When my reptile brain tries to conceive of something touching the cloud-level sky and the ground at the same time, it feels like grabbing some kind of mental third rail. It’s just so cosmically awful. Lightning bolts trip that wire too, but at least lightning is brief. Tornadoes hang out and move around, in unpredictable directions. And they’re not really made of anything except motion. They’re such a perfect kinetic symbol of how completely out-of-control the world is, and how little bargaining power we have with our own fates.   

I don’t panic about tornadoes anymore, but it doesn’t take much climate change science reading at all to make me sick to my stomach.  

Here’s my favorite Youtube tornado (no one gets hurt). 

RHC 2018: Nick Cave: Mercy on Me by Reinhart Kleist

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This post is part of a series in which I describe the twenty-four books I read in 2018 for Book Riot’s Read Harder Challenge

Task: A comic that isn’t published by Marvel, DC, or Image.

Alternate: A comic written and drawn by the same person.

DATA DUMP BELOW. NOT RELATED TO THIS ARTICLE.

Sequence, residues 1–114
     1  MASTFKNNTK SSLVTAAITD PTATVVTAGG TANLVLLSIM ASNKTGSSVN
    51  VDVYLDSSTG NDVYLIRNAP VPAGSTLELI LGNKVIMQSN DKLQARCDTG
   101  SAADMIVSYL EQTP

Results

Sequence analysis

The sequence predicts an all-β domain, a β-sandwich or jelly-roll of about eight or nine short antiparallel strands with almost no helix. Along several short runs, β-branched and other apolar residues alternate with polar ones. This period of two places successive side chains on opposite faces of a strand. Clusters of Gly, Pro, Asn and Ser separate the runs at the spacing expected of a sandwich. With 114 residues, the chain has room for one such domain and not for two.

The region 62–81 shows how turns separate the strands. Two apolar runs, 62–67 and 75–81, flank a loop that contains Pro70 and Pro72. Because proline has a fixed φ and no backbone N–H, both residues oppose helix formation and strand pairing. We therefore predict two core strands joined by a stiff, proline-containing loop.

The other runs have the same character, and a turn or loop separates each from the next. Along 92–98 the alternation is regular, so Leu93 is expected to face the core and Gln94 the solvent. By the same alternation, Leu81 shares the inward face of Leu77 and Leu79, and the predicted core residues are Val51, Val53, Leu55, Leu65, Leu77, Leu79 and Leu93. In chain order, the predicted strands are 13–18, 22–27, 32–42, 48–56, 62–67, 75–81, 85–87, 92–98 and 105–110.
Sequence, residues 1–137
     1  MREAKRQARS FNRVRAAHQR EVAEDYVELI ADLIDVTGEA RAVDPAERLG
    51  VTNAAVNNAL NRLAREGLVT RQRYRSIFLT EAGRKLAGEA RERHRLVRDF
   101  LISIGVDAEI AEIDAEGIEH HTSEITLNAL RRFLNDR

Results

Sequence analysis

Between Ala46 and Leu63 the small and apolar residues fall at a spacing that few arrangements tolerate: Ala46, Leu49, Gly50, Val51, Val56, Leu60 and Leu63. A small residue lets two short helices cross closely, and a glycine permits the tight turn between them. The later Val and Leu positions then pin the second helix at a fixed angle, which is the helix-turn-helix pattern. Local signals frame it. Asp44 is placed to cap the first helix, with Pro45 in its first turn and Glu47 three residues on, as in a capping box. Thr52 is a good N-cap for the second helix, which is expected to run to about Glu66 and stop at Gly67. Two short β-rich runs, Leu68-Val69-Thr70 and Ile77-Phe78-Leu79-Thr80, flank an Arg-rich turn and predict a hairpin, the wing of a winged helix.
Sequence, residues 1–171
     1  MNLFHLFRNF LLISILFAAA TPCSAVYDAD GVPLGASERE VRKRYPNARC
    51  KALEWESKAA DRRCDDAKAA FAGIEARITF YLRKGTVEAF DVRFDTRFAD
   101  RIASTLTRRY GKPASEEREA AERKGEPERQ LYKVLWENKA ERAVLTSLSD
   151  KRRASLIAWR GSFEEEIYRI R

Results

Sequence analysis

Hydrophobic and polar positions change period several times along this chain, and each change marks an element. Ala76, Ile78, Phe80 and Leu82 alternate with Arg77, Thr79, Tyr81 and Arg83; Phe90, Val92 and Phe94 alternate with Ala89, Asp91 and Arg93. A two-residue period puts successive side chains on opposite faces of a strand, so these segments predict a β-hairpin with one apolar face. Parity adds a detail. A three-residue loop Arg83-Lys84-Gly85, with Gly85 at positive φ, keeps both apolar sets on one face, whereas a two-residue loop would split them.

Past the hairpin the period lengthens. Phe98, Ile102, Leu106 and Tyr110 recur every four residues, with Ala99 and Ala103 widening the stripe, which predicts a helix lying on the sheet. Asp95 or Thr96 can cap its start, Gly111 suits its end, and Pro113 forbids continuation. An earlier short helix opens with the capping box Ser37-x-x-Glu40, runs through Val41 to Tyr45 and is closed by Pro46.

This post got a little out of control in terms of length and amount of navel gazing. It also has very little do to do with the comic. So buckle up.

Reinhart Kleist’s graphic biography Nick Cave: Mercy on Me was the comics equivalent of a pint of Cherry Garcia for me. And I enjoyed a large portion of it during my daughter’s nap with a literal pint of Cherry Garcia (it was a wonderful afternoon).

This is a treat if, and possibly only if, you’re enough of a Nick Cave fan to immediately recognize his lyrics after being translated into German and then back again into English, grin every time Kleist’s art perfectly renders Cave’s constant vampire pout, or enjoy seeing characters from his songs loose and mouthy on the page (though I was disappointed that Kylie Minogue’s blandly virginal Wild Rose made an appearance instead of PJ Harvey’s infinitely more interesting murderess).